Congo gold miners scour rubble for bodies after cave-in

Artisanal miners stand as they wait for safety equipment to arrive and permission to start extracting cobalt on the perimeter of a freshly excavated pit at the Kasulo township in Kolwezi, Democratic Republic of the Congo, on Saturday, Feb. 24, 2018. So-called artisanal mining is as commonplace as farming in many parts of Congo. Photographer: William Clowes/Bloomberg via Getty Images

Informal gold miners in eastern Democratic Republic of Congo scoured rubble on Saturday for more than 50 colleagues presumed dead after a mine collapsed under the weight of heavy rain.

Hundreds of young men in rubber boots crowded around the site of Friday’s cave-in, with some removing rocks by hand from the muddy hillside, video footage showed.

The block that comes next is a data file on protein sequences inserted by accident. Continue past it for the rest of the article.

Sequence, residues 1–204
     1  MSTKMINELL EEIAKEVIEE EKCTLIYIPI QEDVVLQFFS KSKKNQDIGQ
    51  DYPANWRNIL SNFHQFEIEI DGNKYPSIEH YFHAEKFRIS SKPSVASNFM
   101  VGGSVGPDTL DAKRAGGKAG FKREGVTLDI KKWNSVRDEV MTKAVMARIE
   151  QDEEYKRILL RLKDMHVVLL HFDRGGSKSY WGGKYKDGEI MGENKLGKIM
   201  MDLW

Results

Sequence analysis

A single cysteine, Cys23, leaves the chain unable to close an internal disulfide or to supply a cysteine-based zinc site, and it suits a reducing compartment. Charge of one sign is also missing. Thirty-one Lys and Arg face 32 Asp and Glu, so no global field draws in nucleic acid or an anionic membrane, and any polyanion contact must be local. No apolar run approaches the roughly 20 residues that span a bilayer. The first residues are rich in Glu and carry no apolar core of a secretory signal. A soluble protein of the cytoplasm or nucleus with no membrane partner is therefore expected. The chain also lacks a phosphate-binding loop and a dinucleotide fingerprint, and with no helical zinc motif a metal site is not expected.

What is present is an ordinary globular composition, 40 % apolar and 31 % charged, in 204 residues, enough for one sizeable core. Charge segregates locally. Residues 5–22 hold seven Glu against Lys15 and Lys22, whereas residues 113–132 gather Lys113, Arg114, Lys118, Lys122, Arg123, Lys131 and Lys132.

Dozens of people die each year in accidents in largely unregulated artisanal mines in Congo, where often ill-equipped diggers borrow deep underground in search for ore.

Alexandre Bundya, mayor of the nearby town of Kamituga, Mpila, ordered two days of mourning. The office of the governor of South Kivu province, Theo Kasi, said most of the victims were young people and expressed condolences to their families.

“The search continues to identify our deceased compatriots, bring assistance and implement measures to prevent such incidents from repeating,” Kasi’s office said in a statement.

A World Bank report last year estimated the number of small-scale miners in Congo at 2 million, many more than work in industrial gold, copper and cobalt mines owned by companies like Glencore and Barrick Gold.